Secondary Outcome Measures :
  1. Adverse events [ Time Frame: Adverse event reporting will take place on day 2, 4, 7, 14, 21, then 1, 4 weeks after the last FMT administration. ]
    Adverse events will be graded based on CTCAE V.4.03.

  2. Stroop Test [ Time Frame: Before the first administration of FMT (day 0) and one week after the last administration of FMT (day 28) ]
    The Stroop Test evaluates psychomotor speed and cognitive flexibility by the interference between recognition reaction time to a colored field and a written color name. A smartphone application software called "EncephalApp Stroop Test" will be used, validated to identify cognitive dysfunction in cirrhosis and screen for covert hepatic encephalopathy.

  3. 36-Item Short Form Health Survey (SF-36) [ Time Frame: Before the first administration of FMT (day 0) and one week after the last administration of FMT (day 28) ]
    The SF-36 is a highly utilized quality of life questionnaire. There are 8 health concepts assessed by the survey, which includes physical functioning, bodily pain, role limitations due to physical health problems, role limitations due to personal or emotional problems, emotional well-being, social functioning, energy/fatigue, and general health perceptions. Each of these health concepts is scored on a scale from 0 to 100. 0 is considered the worst outcome and 100 is considered the most favorable health state on each subscale. There will be no total or summed score.

  4. Ammonia level [ Time Frame: Before the first administration of FMT (day 0) and one week after the last administration of FMT (day 28) ]
    Ammonia is a serology with a known association with hepatic encephalopathy.

  5. Microbiome engraftment [ Time Frame: Before the first administration of FMT (day 0), after 3 FMT administrations (day 14), one week after the last administration of FMT (day 28) and 4 weeks after the last administration of FMT. ]
    Sequence-based microbiome surveys will be carried out using metagenomic sequencing. Computational analyses will investigate donor microbiota colonization by comparing single-nucleotide variants in strain level data between the donor and recipient.



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Ages Eligible for Study:   18 Years to 75 Years   (Adult, Older Adult)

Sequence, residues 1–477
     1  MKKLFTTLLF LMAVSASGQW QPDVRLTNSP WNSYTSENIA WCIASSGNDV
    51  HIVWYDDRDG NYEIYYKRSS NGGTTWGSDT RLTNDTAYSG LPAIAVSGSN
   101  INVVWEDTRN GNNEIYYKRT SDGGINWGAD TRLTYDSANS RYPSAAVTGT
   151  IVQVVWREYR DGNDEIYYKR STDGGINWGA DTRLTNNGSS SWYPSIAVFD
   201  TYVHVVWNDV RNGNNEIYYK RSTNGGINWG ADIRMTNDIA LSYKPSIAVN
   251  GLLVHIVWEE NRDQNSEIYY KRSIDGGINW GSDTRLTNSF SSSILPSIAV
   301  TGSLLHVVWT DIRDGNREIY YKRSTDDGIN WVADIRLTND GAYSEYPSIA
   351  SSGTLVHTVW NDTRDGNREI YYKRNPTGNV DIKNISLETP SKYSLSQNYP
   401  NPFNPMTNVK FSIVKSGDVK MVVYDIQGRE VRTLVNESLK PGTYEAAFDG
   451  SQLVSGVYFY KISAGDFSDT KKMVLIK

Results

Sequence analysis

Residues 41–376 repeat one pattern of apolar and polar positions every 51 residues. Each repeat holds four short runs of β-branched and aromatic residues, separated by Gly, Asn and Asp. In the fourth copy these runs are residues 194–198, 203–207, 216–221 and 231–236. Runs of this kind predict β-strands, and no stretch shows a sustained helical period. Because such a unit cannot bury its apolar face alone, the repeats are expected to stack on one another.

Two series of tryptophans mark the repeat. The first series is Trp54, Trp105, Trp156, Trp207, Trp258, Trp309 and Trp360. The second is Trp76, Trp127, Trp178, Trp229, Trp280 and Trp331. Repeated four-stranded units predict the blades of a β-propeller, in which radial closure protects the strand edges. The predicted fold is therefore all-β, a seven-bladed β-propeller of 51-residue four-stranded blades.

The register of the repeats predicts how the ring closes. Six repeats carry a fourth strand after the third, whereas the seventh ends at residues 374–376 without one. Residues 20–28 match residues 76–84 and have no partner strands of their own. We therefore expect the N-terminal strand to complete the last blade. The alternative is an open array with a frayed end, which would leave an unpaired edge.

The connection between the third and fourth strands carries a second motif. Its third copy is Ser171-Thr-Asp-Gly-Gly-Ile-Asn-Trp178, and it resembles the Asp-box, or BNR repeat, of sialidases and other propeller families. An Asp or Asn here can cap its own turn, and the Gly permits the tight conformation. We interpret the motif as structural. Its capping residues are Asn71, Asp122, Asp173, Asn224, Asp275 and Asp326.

Sexes Eligible for Study:   All
Accepts Healthy Volunteers:   No
Criteria

Inclusion Criteria:

  • Diagnosis of cirrhosis: Based on liver biopsy or clinical assessment of a hepatologist based on history, exam, laboratory and radiographic evidence
  • History of at least one episode of overt HE, defined by West Haven Criteria Grades II to IV; episodes of HE that were precipitated by gastrointestinal hemorrhage requiring transfusion of at least 2 units of blood, by medication use, by renal failure requiring dialysis, or by injury to the central nervous system will not be counted as previous HE episodes
  • Compliant with lactulose and rifaximin treatment (lactulose: at least one dose at least 5 days per week; rifaximin: at least one dose at least 5 days per week)

Exclusion Criteria:

  • Current episode of overt HE as defined by West Haven Criteria Grades II to IV
  • Expectation of liver transplantation within two months of the screening visit
  • Current infection
  • Variceal bleeding in the last 4 weeks
  • Gut-absorbable or intravenous antibiotic therapy (including ciprofloxacin for SBP prophylaxis) in the last 3 months
  • Alcohol or illicit drug intake within 3 months, by history and available serum testing; alcohol use will be characterized as >1 alcoholic drink / month
  • PSC as etiology of liver disease, as prior literature has suggested these individuals have a unique microbiome
  • History of Roux-en-Y Gastric bypass
  • On immunosuppressive medications
  • Positive C. difficile test
  • Scoring above a threshold cut-off on the Psychometric Hepatic Encephalopathy Score (PHES)
  • MELD > 20
  • Hemodialysis in the last 30 days
  • Other significant laboratory abnormalities: serum creatinine > 2.0 mg/dL, hemoglobin < 8 g/dL, serum sodium < 125 mmol/L, serum calcium > 11.0 mg/dL, serum potassium < 2.5 mmol/L
  • Placement of a portosystemic shunt or transjugular intrahepatic portosystemic shunt
  • Unstable doses of opiates, benzodiazepines or other sedating medication
  • Unable to provide consent; if MMSE is < 18 or the patient is deemed to not have capacity by an investigator, a legally authorized representative (surrogate) will be allowed to provide consent

Information from the National Library of Medicine

To learn more about this study, you or your doctor may contact the study research staff using the contact information provided by the sponsor.

Please refer to this study by its ClinicalTrials.gov identifier (NCT number): NCT03420482


Contacts
Contact: Patricia L Pringle, MD 978-460-0538 ppringle@partners.org
Contact: Jenna Gustafson 617-724-6832 jlgustafson@mgh.harvard.edu

Locations
United States, Massachusetts
Massachusetts General Hospital Recruiting
Boston, Massachusetts, United States, 02114
Contact: Massachusetts G Hospital    978-460-0538    ppringle@partners.org   
Sponsors and Collaborators
Massachusetts General Hospital
Center for Microbiome Informatics and Therapeutics
Investigators
Principal Investigator: Raymond T Chung, MD Massachusetts General Hospital

Publications:
Responsible Party: Raymond T. Chung, MD, Principal Investigator, Associate Proffessor of Gastroenterology, Massachusetts General Hospital
ClinicalTrials.gov Identifier: NCT03420482     History of Changes
Other Study ID Numbers: 2017P002296
First Posted: February 2, 2018    Key Record Dates
Last Update Posted: August 1, 2018
Last Verified: July 2018

Studies a U.S. FDA-regulated Drug Product: Yes
Studies a U.S. FDA-regulated Device Product: No

Keywords provided by Raymond T. Chung, MD, Massachusetts General Hospital:
Microbiome
Fecal Microbiota Transplant

Additional relevant MeSH terms:
Brain Diseases
Hepatic Encephalopathy
Central Nervous System Diseases
Nervous System Diseases
Liver Failure
Hepatic Insufficiency
Liver Diseases
Digestive System Diseases
Brain Diseases, Metabolic
Metabolic Diseases